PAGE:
The longer the piece, the less visible "said" becomes. If, for example, you're writing a short interview piece, it becomes a lot more noticeable if you use it than in a novel.
     
  14. mammamaia
    Offline

    mammamaia nit-picker-in-chief Contributor

    Joined:
    Nov 21, 2006
    Messages:
    19,316
    Likes Received:
    1,014
    Location:
    Coquille, Oregon
    the ones in bold can't be spoken, so make no sense a dialog tags... several others are questionable, but i left them to others to decide one way or the other...
     
  15. Kallithrix
    Offline

    Kallithrix Banned

    Joined:
    Feb 25, 2011
    Messages:
    394
    Likes Received:
    14
    Location:
    UK
    This ^

    Most of the time the context and the dialogue should work together to imply how the words are said. By context I also include the character's physical actions and mannerisms - describing these is also a good replacement for a dialogue tag, both to show who is speaking and how they say their dialogue. i.e.

    John scowled from the edge of the bed as he watched her put on her make up. "I don't see why you have to go to your bloody work do in the first place."
    Katie rolled her eyes at him in the mirror and put down her mascara wand. "I've told you a million times. This is a really important client and I need this commission. Now that I'm the only one working-"
    "Oh great, throw that in my face again!" John launched himself off the bed and headed to the door. "Hope you have a nice time with your yuppie colleagues!"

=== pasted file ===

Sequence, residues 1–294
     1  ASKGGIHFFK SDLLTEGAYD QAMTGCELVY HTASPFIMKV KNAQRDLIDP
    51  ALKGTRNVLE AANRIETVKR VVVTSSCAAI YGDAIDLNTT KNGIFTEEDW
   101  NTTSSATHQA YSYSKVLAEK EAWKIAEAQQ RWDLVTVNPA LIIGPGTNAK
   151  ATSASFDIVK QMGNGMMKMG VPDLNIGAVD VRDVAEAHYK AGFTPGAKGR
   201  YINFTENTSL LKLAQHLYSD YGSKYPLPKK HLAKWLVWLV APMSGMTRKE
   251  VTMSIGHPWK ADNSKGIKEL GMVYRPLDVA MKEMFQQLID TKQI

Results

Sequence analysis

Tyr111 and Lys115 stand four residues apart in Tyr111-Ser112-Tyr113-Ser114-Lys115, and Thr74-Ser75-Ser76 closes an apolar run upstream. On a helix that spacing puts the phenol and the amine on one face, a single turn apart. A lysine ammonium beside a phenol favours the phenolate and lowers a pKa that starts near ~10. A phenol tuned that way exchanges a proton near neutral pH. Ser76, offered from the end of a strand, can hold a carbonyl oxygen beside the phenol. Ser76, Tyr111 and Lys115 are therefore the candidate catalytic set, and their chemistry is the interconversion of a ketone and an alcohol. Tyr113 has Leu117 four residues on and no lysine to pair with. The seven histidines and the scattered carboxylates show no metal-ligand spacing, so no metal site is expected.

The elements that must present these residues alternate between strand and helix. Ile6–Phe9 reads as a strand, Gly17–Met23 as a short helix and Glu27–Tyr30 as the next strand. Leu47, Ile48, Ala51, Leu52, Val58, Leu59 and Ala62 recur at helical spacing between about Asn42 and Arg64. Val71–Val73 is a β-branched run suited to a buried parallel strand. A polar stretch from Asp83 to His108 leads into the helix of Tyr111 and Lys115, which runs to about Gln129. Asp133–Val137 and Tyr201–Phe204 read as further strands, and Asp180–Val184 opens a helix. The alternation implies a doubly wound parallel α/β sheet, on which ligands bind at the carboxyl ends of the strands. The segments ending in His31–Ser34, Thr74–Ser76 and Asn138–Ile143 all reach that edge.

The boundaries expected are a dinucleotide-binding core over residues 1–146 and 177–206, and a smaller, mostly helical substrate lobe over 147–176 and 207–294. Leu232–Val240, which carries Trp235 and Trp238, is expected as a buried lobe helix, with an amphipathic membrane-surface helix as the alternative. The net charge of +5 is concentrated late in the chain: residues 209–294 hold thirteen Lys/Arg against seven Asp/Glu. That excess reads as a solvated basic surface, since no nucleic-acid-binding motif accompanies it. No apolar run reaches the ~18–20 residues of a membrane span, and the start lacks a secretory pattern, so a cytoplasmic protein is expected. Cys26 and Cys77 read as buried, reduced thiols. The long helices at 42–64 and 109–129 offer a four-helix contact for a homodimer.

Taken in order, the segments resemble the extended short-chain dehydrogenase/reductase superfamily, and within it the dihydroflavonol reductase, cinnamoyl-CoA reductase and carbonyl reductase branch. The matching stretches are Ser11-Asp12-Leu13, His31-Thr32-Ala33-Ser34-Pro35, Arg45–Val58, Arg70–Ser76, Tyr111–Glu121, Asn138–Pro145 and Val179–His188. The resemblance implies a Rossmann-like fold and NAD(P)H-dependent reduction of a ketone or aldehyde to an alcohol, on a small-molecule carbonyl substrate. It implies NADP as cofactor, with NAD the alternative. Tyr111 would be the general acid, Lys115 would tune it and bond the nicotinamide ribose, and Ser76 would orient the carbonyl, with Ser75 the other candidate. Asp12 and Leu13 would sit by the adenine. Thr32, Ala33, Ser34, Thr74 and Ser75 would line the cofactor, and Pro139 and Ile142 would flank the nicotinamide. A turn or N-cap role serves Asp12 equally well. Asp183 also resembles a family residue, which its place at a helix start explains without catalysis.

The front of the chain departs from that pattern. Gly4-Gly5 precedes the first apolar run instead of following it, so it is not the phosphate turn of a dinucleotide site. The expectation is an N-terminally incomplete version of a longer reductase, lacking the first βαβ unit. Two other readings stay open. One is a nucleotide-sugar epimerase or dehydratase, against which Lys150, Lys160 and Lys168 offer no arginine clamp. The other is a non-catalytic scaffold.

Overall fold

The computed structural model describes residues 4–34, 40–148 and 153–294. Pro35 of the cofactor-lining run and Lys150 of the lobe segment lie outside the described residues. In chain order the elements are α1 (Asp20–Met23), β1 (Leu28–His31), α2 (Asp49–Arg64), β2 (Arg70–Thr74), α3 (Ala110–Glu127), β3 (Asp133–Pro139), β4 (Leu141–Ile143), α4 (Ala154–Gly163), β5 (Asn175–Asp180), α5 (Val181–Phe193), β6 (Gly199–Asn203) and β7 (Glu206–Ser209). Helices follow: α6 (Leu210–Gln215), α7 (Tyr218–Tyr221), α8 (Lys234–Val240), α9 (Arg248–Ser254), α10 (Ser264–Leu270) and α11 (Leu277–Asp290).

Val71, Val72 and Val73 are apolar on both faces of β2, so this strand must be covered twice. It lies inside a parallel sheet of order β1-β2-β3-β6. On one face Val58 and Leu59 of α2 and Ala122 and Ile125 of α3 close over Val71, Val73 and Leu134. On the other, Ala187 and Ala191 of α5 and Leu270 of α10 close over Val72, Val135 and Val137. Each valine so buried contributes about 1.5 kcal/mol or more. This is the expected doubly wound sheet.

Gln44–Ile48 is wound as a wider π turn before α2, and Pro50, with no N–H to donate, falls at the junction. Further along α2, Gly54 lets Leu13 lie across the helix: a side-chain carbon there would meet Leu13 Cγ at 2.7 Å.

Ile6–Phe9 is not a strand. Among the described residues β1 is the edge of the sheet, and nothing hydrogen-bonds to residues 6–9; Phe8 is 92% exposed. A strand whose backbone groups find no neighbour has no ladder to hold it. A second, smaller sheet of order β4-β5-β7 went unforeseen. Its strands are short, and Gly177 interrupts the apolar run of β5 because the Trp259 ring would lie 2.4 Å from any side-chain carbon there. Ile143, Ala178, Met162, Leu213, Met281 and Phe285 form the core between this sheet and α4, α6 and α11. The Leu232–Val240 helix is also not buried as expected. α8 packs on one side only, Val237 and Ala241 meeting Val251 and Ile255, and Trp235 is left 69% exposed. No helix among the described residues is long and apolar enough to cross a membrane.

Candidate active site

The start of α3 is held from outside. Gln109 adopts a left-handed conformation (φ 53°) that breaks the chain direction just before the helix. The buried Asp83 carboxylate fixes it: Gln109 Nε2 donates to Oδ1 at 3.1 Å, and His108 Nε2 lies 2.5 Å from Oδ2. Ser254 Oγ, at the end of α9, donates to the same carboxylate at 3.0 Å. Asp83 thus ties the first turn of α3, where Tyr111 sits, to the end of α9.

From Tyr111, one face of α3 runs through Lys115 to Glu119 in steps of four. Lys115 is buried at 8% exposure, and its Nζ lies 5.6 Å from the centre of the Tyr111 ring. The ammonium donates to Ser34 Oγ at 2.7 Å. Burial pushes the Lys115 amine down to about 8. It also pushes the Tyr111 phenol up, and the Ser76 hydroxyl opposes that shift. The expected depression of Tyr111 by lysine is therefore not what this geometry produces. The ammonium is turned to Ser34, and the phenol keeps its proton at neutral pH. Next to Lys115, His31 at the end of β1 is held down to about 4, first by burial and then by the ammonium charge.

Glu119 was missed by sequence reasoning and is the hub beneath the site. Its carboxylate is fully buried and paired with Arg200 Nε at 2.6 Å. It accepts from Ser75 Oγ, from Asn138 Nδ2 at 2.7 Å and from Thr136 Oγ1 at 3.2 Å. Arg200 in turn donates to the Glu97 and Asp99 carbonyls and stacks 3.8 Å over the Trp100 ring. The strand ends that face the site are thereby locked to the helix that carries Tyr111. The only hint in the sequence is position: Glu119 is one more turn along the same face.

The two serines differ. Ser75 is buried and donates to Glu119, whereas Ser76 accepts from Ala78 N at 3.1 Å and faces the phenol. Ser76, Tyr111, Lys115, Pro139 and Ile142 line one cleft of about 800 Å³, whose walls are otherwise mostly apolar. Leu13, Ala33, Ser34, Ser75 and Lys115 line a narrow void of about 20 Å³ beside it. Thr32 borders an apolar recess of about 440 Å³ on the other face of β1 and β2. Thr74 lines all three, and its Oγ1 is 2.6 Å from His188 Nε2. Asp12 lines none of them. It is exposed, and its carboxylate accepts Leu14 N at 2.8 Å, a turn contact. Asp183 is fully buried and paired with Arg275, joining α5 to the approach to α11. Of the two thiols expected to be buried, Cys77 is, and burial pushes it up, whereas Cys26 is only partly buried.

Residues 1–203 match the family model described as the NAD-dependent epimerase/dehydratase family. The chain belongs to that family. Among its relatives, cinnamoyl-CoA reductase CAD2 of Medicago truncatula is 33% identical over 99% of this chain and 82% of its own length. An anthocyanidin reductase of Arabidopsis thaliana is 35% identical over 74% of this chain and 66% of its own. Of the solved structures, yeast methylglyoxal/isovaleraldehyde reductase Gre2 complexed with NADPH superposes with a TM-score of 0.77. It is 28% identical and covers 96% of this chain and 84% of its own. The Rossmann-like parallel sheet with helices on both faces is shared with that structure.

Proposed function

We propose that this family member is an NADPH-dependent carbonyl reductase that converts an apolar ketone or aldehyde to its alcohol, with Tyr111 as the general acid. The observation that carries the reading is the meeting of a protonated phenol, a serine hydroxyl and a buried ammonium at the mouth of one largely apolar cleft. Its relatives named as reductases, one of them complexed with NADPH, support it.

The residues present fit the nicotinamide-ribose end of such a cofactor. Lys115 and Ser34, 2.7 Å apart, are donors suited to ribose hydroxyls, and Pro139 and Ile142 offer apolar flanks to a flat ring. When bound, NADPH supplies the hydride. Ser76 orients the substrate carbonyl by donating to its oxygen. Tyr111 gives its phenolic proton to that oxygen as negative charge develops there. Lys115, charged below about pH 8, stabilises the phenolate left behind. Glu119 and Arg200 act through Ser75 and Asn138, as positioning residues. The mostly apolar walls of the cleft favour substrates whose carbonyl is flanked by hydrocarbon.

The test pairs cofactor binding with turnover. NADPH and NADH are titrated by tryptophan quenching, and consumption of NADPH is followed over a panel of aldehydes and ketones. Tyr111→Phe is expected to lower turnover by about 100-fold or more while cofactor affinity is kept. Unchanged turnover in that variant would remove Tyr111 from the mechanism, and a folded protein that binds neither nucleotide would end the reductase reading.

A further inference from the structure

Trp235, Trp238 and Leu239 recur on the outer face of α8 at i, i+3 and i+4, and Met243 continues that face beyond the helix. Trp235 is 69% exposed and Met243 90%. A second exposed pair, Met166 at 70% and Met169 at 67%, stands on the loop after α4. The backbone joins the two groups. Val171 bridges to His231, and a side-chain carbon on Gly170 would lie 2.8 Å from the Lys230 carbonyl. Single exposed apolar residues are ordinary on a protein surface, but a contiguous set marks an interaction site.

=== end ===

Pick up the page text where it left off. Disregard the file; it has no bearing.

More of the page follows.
The door slammed behind him.

    Not a single dialogie tag is needed to know how those lines are said.

    But if dialogue tags are needed, then the only time I would replace 'said' is when you need to mention something about the physical way the line is delivered, like shouted or whispered, or muttered. 'Asked' or 'answered' are also acceptable when the dialogue is around questioning. But otherwise, I'd stick with said, because the reader doesn't even notice it after a while.
     
  16. Cogito
    Offline

    Cogito Former Mod, Retired Supporter Contributor

    Joined:
    May 19, 2007
    Messages:
    35,935
    Likes Received:
    2,043
    Location:
    Massachusetts, USA
    Do you worry what to use instead of "the"?

    The tag "said" virtually disappears to the reader. Authors tend to be far more conscious of it than readers.

    If your "said" usage is really obtrusive, don't blame the verb choice. Worry instead about your sentence structuring.
     
  17. cari_za
    Offline

    cari_za Member

    Joined:
    Jan 9, 2012